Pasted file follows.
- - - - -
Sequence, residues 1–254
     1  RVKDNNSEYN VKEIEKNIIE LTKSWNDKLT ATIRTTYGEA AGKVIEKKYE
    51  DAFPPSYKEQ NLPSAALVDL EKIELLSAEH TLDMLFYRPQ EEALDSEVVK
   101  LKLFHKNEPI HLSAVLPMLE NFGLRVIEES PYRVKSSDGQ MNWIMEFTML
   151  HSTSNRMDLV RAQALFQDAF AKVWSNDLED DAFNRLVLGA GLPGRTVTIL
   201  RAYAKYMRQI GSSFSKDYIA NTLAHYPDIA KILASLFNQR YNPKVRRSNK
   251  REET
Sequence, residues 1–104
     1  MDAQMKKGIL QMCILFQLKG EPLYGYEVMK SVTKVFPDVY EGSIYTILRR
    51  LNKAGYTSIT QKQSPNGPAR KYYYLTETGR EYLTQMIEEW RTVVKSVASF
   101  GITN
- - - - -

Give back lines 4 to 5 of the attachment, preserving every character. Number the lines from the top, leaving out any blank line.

   101  LKLFHKNEPI HLSAVLPMLE NFGLRVIEES PYRVKSSDGQ MNWIMEFTML
   151  HSTSNRMDLV RAQALFQDAF AKVWSNDLED DAFNRLVLGA GLPGRTVTIL